Withholding support to universities
When I received the annual call for pledges to continue to support three Canadian universities, I had this to say: “I will resume my support when I see the development of a policy ensuring that your university will no longer hide behind free speech in order to allow propaganda against the State of Israel and intimidation of Jewish students.”
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Marriages at the temple
In the article “New Montreal rabbi hopes to ‘open doors’” (March 8), on the hiring of Reform Rabbi Lisa Grushcow at Montreal’s Temple Emanu-El-Beth Sholom, Janice Arnold writes that the temple allows same-sex and interfaith marriages to be performed there, if there is a commitment to create a Jewish home. The Central Conference of American Rabbis (CCAR), the Reform movement’s rabbinical association in North America, has consistently opposed interfaith marriage (intermarriage). In their journal American Reform Responsa (Vol. XC, 1980) on the topic Reform Judaism and Mixed Marriage, they quote a resolution passed in Atlanta in 1973 that reads: “The Central Conference of American Rabbis recalling its stand in 1909 that mixed marriage is contrary to Jewish tradition and should be discouraged, now declares its opposition to participation by its members in any ceremony which solemnizes a mixed marriage.”
In performing interfaith marriages, Temple Emanu-El goes against the Reform movement’s own stance on this issue. In a National Jewish Population Survey in 2000, by Antony Gordon and Richard Horowitz, it was shown that 53 per cent of young Jews belonging to the Reform movement marry out. With such an attitude toward intermarriage, is it any wonder?
Rabbi Mordechai Bulua
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Regarding the article “Beth Tikvah implements Torah egalitarianism” (Feb. 16), to be precise, Beth Tikvah Synagogue has marked Shabbat morning bnot mitzvah during the Torah service since the congregation’s inception. A bat mitzvah chanted the Haftorah and its accompanying blessings but did not receive an aliyah. Her father received the Maftir Aliyah at the Torah. Secondly, with kudos to Betty Rumberg, the first non-bat mitzvah adult woman to receive an aliyah at the Torah at Beth Tikvah was Gail Sandler, following the promise of a woman receiving an aliyah at the Torah on a donation dare from the rabbi during the Yom Kippur War. The promise was fulfilled.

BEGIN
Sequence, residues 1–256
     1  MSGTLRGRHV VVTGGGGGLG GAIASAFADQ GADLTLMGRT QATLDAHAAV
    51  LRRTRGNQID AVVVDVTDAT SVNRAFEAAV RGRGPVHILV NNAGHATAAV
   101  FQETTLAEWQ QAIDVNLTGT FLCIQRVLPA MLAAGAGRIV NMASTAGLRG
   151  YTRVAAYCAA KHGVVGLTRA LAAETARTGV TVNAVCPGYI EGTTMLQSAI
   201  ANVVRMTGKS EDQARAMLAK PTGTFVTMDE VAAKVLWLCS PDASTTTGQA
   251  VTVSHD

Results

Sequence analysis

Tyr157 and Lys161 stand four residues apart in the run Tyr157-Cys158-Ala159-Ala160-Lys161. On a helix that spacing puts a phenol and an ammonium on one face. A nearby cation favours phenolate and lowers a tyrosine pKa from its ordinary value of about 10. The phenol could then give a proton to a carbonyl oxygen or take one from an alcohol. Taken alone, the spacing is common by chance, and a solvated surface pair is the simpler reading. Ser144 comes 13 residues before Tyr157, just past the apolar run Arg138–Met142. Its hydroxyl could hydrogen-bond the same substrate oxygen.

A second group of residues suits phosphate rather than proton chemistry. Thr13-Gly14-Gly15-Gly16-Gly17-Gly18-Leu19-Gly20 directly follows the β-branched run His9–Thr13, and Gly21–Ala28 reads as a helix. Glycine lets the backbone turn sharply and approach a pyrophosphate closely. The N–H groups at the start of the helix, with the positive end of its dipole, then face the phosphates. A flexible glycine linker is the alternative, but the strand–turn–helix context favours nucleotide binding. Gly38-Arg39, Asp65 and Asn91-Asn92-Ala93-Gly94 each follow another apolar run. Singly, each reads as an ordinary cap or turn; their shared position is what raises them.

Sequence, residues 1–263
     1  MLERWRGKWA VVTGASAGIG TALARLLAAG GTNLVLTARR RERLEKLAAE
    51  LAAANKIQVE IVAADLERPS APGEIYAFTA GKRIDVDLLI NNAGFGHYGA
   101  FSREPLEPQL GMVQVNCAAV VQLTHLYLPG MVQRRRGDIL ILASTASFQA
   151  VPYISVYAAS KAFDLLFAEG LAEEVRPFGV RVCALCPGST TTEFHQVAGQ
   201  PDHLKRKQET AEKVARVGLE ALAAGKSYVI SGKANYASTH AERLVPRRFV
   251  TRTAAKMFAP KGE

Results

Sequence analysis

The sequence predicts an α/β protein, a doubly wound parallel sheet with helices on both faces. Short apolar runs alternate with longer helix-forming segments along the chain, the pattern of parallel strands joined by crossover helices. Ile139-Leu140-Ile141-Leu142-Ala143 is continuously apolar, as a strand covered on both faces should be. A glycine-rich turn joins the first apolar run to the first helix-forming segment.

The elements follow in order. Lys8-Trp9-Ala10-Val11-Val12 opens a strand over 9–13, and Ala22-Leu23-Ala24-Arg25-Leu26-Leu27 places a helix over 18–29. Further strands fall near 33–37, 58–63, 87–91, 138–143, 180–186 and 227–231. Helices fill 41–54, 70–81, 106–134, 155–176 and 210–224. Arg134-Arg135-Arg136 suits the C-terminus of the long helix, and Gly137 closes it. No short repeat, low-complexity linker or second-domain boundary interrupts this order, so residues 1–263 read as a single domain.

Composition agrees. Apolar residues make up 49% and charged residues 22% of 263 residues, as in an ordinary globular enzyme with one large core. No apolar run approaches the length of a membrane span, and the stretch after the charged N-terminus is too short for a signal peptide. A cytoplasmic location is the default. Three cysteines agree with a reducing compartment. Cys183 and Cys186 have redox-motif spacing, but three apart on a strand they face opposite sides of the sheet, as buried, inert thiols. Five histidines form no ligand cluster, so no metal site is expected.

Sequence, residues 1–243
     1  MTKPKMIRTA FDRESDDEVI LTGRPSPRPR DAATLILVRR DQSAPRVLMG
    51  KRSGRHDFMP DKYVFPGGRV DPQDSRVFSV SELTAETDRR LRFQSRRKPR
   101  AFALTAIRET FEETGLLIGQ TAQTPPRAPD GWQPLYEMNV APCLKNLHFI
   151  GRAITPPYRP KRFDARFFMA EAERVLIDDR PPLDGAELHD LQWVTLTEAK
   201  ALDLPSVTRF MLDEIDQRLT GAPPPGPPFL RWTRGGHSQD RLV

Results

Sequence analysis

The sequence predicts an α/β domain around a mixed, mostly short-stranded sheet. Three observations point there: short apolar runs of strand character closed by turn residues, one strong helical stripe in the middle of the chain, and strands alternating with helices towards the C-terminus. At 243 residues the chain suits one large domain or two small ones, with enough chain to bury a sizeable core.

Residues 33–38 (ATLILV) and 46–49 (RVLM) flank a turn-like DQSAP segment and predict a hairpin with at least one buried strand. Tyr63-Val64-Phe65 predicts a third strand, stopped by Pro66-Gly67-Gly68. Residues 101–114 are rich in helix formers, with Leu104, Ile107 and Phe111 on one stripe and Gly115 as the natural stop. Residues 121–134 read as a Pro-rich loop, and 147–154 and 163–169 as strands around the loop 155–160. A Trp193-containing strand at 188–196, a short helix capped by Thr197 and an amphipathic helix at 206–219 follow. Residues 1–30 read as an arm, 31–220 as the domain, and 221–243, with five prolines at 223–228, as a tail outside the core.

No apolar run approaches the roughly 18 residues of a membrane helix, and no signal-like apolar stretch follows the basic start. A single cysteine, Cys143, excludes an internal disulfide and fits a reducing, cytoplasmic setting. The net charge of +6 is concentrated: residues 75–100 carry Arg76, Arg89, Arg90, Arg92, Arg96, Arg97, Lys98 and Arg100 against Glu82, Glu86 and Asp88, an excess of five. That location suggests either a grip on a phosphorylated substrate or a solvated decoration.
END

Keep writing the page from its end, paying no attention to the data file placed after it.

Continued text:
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Remembering the Struma
On Feb. 24, Romania paid homage to the 768 Romanian Jews who lost their lives 70 years ago trying to escape war-torn Europe for British-mandated Palestine on board the ill-fated SS Struma, which was sunk by a Soviet submarine in the Black Sea. However, Romania still has far to go to atone for its crimes against humanity during that dark period of our history. During World War II, the pro-Nazi, fascist and antisemitic regime of Marshal Ion Antonescu was directly involved in the murder of as many as 400,000 innocent Jewish men, women and children in Romania and throughout Ukraine and Moldova. Romania has yet to officially acknowledge, apologize and/or offer reparations of any kind for its past heinous and barbaric behaviour toward the Jewish People. Perhaps, it’s about time that it did.
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I read Ellen Weiser’s article “Memories of old Toronto” with a smile on my face (March 8, cjnews.com). Taking a walk down gastro memory lane warmed my heart. I lived just north of Wilson and Bathurst, so we didn’t share all the same eating experiences, but my favourite by far was Basil’s Restaurant. Every Sunday night, my dad would drive down Avenue Road to University Avenue, turn left on to Gerrard Street, and always find a free parking spot, and I do mean free. We would patiently wait in the line until the maitre d’ called the infamous “party of four” before we were seated in the best booths in the city. My meal was always the hamburger special, with chocolate cream pie for dessert. Weiser was right on with the rice pudding for the parents. Thanks for bringing back this wonderful memory for a native Torontonian.
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Novels about Shanghai
Regarding the article “Hollywood courts local thriller writer” (Feb. 16), on David Rotenberg’s new book, The Placebo Effect, it is noted that that Rotenberg also wrote Shanghai: The Ivory Compact, a historical novel about the city. Kindly note that in 2011, the Vancouver writer Daniel Kalla wrote an excellent novel on Shanghai during World War II called The Far Side of the Sky.